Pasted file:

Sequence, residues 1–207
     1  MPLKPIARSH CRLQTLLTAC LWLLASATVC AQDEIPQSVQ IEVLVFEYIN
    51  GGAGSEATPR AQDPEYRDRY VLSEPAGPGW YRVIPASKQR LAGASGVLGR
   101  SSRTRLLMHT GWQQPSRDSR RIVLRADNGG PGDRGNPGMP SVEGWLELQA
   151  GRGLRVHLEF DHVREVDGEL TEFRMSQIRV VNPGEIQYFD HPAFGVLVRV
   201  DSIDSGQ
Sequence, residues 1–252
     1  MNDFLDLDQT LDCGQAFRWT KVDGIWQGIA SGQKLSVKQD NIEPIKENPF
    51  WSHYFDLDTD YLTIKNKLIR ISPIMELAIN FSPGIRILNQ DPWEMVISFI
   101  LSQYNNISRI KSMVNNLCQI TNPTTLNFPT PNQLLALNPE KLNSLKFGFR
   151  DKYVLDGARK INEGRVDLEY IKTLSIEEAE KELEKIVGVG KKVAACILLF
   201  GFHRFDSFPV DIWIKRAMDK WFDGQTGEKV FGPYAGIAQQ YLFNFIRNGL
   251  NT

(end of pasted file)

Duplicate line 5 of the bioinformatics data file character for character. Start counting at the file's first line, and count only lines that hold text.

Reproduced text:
   151  GRGLRVHLEF DHVREVDGEL TEFRMSQIRV VNPGEIQYFD HPAFGVLVRV